The Foreign Affairs Symposium (FAS) held its last panel of the semester on the topic of workers’ rights on April 13. The panel featured Chris Smalls, the president and founder of Amazon Labor Union, Roxie Herbekian from Unite Here and Anna Word from Teachers and Researchers United, the Hopkins graduate worker union. The event was moderated by Maximillian Alvarez from The Real News Network, and speakers shared their stories on organizing and unionizing in their respective industries.
In an interview with The News-Letter, FAS Co-Executive Director Nupook Suthisamphat conveyed her insights on this year’s theme, “Paradigm Shift,” and the talk on workers’ rights.
“As a symposium, we believe that the talk itself raises awareness regarding the challenges facing workers’ rights,” she said. “As we also have representatives from JHU Dining Workers and [the Graduate] Student Union, we believe that Hopkins students can start getting involved in the fight for workers’ rights by taking the initiative to support these organizations on campus.”
She noted how the sociopolitical and economic environment presents significant hurdles for workers, particularly in terms of income inequality, which has worsened due to the pandemic.
According to Suthisamphat, the goal of the talk was to demonstrate how the pandemic has stimulated workers’ rights movements in the U.S. and around the globe, leading to better working conditions in the post-pandemic world.
Smalls opened the discussion by recounting his experience of advocating for workers' rights during the COVID-19 pandemic when Amazon neglected safety protocols. Smalls raised concerns with Human Resources but received no real solutions, so he decided to take action and organized a walkout that garnered media attention. As a result, he was fired from Amazon, and he went on to form his own organization advocating for workers' rights across different industries. Last year, Smalls formed Amazon Labor Union in JFK8, the Staten Island warehouse.
“I wasn't an organizer, wasn't seeking to organize at Amazon at all; I was just trying to do the right thing that I believed could benefit the workers,” Smalls said.
In an interview with The News-Letter, second-year PhD student María Jose Haro Sly expressed her amazement that Smalls did not come from a background of organizing.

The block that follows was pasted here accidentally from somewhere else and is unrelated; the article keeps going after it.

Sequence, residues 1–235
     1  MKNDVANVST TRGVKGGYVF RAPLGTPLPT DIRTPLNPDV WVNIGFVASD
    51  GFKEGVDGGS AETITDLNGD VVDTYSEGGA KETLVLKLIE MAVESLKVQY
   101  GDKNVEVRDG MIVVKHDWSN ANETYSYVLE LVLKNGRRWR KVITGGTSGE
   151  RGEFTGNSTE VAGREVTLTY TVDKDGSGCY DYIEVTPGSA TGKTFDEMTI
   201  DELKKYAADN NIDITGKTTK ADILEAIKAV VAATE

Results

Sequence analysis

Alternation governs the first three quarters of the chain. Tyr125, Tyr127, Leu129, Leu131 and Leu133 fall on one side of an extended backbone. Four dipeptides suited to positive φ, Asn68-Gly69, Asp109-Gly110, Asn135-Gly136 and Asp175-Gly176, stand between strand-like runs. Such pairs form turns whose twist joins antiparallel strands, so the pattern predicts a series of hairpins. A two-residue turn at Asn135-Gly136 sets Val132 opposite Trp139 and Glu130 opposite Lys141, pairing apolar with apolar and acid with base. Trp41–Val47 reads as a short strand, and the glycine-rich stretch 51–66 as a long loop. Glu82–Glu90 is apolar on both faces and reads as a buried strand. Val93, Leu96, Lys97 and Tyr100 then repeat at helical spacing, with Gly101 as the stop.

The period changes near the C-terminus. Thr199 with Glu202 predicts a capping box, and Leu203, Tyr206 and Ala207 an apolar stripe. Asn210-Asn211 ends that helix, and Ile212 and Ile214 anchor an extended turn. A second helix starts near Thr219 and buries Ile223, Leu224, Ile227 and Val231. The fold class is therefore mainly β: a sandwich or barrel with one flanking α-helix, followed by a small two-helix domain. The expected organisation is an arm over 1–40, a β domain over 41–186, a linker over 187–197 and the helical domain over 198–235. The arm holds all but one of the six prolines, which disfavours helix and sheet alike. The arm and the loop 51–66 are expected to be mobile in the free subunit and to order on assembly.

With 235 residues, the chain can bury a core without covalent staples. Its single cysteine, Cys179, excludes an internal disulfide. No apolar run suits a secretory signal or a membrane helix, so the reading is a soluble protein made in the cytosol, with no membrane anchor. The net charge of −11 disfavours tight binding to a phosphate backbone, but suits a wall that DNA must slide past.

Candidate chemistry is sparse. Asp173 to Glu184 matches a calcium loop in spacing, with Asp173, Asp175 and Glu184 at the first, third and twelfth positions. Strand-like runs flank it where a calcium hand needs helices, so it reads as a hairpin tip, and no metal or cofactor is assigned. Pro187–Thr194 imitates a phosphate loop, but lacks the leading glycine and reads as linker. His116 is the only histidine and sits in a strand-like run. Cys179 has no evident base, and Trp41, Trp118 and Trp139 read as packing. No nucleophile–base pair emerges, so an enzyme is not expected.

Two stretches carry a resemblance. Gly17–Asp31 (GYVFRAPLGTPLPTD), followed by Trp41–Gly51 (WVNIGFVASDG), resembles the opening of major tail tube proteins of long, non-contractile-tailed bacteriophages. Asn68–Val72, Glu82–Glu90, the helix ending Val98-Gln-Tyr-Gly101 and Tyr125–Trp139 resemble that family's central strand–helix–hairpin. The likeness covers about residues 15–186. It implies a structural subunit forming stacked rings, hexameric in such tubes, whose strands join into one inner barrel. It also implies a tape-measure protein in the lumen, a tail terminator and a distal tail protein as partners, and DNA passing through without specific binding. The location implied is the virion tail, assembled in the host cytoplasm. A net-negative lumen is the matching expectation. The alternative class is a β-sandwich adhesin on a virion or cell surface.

“This is a very powerful awakening. His actions are inspiring for many workers in the U.S. to do the same,” she said. “The most impressive fact is to see PhD students from a top university learning from workers’ fights. This solidarity is very important for achieving social justice.”
The panelists emphasized the importance of unions as a tool for advocating for better wages, working conditions and protections. Herbekian highlighted the role of unions in bargaining for respect, diversity and inclusion in the workplace.
“The union is your tool to address whatever you want to address. In our union, we are proud of a lot of things, like protection regarding diversity and inclusion,” she said.
Smalls asserted that union fighting is not just for unionized workers but for all workers, as it affects the quality of life for everyone. He also pointed out the power imbalance between workers and large corporations, noting that collective action is necessary to level the playing field.
Word described how she was introduced to labor organizing through her passion for addressing the climate crisis at Hopkins.
“I heard stories about bad advisors, bad accommodations and overall environment, how grad students are not paid very well,” she said. “Once I got here, I immediately knew that I wanted to be involved in union organizing. Since then, I had the pleasure of working with people from all over the University and from other universities. I think that it’s really an uphill battle for those who want to do something.”
The discussion ended with a call to action, urging workers to remain at their jobs and organize and fight for their rights. The speakers emphasized that unionizing is a powerful tool to bring about change and improve the lives of workers.
Word explained how the climate in workspaces may create difficulties in unionizing.
“That process is very difficult, and you face a lot of things from individual people — advisors, teachers and also more system effects,“ she said. “But what helped to overcome these problems is trusting each other to work together and come up with creative and revolutionary solutions to your problems.”
In an interview with The News-Letter, sophomore Jackson Morris shared that the talk encouraged him to think more critically about workers issues in ways he had not considered before.
“I heard a variegated group of stories that all connected at one central point: the need for democratization of the workplace, where every level of worker should have some say in what that workplace looks like,” he said. “Ultimately, the creation of a union is a response to a situation in which the power over the work environment is not shared equally. It is an interesting notion to think about.”
As the labor movement gains momentum across different industries, the importance of collective action and advocating for workers' rights is being increasingly recognized.
“This is a revolution; we are in it already,” Smalls said. “It starts with us; the revolution is here.”
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